The different flavours of leverage

To maintain the best returns possible, and be able to complete some of the larger transactions taking place today, secondaries firms have been increasingly using leverage.

To maintain the best returns possible, and be able to complete some of the larger transactions taking place today, secondaries firms have been increasingly using leverage.

There are usually three types used in the secondaries market:

Capital call lines

Secondaries funds can tap long-duration capital call lines at the firm level to facilitate cash management and bridge capital calls from limited partners. It is regarded as the most common use of debt in the secondaries world and one of the least risky. It’s also relatively cheap, with banks offering such revolving lines of credit at about 150 to 200 basis points over Libor.

“Firms are using capital call lines in more efficient and sophisticated ways,” says Gregg Kantor of Investec. “Across the secondaries market the use of leverage is becoming a more common phenomenon. Bank-financed acquisitions and dividend recap are a growing portion of a debt market still dominated by transactions completed using capital call lines and/or deferred considerations.”

Deferred payments

Secondaries firms have also been using deferred payments, allowing sellers to pay the purchase price in several instalments – a situation that can have benefits for both parties, especially when a seller is not starved for cash. There is typically no interest rate per se associated with such a transaction, but the cost of the deferred payments is factored into the overall purchase price.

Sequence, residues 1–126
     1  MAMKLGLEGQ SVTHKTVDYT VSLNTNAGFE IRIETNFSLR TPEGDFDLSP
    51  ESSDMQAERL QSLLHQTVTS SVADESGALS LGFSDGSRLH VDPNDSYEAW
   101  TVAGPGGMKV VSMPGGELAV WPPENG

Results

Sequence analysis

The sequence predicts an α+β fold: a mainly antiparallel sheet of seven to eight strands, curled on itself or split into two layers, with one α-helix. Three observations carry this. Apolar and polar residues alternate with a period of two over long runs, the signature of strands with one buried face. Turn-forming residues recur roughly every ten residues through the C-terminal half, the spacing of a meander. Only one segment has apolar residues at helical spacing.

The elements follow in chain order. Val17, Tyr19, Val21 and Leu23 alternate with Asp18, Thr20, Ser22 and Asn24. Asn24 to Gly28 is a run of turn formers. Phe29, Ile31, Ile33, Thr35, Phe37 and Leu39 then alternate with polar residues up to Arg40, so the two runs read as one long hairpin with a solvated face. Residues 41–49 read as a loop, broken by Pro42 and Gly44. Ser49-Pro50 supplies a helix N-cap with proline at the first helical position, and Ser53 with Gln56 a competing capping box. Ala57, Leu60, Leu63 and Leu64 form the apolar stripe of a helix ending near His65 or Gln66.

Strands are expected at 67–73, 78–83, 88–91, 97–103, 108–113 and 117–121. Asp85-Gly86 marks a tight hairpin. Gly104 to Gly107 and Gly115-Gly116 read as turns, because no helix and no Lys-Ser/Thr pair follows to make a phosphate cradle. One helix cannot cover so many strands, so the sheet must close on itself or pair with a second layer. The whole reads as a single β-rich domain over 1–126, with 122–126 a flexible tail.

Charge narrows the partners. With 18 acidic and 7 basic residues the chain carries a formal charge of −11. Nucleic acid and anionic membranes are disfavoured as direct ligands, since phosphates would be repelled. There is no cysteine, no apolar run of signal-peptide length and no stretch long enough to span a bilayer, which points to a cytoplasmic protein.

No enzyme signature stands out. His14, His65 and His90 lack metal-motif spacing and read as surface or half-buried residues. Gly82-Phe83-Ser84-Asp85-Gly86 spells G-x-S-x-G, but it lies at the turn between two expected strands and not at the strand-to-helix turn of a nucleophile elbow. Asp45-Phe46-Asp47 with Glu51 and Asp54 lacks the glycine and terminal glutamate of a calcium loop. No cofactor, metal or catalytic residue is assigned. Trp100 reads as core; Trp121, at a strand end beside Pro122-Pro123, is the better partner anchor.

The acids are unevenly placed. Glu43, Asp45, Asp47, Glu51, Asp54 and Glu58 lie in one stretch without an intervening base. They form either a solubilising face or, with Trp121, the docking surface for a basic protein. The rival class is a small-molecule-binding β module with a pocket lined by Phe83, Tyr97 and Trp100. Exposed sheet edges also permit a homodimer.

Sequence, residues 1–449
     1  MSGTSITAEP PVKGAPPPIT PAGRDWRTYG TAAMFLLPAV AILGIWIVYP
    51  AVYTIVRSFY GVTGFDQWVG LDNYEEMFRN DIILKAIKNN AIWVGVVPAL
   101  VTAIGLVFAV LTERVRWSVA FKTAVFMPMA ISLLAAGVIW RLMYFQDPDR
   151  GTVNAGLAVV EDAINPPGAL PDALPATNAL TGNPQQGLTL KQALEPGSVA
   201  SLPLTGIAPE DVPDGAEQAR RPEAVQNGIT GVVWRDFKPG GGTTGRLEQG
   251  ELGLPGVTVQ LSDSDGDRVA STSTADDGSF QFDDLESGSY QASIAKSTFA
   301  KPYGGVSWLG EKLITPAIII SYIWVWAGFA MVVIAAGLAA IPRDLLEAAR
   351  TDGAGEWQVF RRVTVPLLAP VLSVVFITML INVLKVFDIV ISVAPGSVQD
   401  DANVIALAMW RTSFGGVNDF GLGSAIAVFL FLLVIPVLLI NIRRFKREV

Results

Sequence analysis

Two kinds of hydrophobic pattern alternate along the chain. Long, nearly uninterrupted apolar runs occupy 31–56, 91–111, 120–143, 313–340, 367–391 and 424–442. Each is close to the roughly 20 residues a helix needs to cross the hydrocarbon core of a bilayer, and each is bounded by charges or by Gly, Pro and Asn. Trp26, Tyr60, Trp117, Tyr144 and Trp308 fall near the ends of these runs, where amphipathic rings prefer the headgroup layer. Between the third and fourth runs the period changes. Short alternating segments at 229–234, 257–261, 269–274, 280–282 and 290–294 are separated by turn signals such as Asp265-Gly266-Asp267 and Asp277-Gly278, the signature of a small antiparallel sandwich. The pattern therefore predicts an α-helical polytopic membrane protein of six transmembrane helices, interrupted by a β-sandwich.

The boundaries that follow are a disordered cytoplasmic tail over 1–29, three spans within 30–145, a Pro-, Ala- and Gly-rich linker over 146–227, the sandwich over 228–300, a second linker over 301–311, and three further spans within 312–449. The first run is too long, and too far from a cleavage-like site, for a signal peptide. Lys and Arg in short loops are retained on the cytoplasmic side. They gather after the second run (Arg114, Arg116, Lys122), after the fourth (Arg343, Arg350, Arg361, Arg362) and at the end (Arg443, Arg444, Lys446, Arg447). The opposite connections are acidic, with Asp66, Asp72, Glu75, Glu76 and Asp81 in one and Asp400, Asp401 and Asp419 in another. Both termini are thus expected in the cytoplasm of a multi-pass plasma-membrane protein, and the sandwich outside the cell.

Deferred payments are typically considered very low risk. “Almost all large portfolios that get sold have deferrals,” says Kantor. “It’s an easy piece to put in and it’s well understood at this point.”

Bank loans

The third option is to use a bank loan to fund part of a specific secondaries transaction. This type of leverage is backed by the assets in the underlying funds, usually portfolio companies and their cashflow, and is much riskier than the other options.

Lenders can require between 30 percent and 60 percent loan to value, depending on how diversified portfolios are. Deal-specific loans are common in transactions of more than $100 million.

With the Federal Reserve expected to start raising interest rates in the near future, some experts have warned that stock markets may be near a meaningful correction, so should the industry be concerned about adding to debt levels?

Most market participants believe that risk-taking is at relatively low levels in the secondaries market and those who use leverage do so with extreme caution.

This article was first published in sister publication Private Equity International.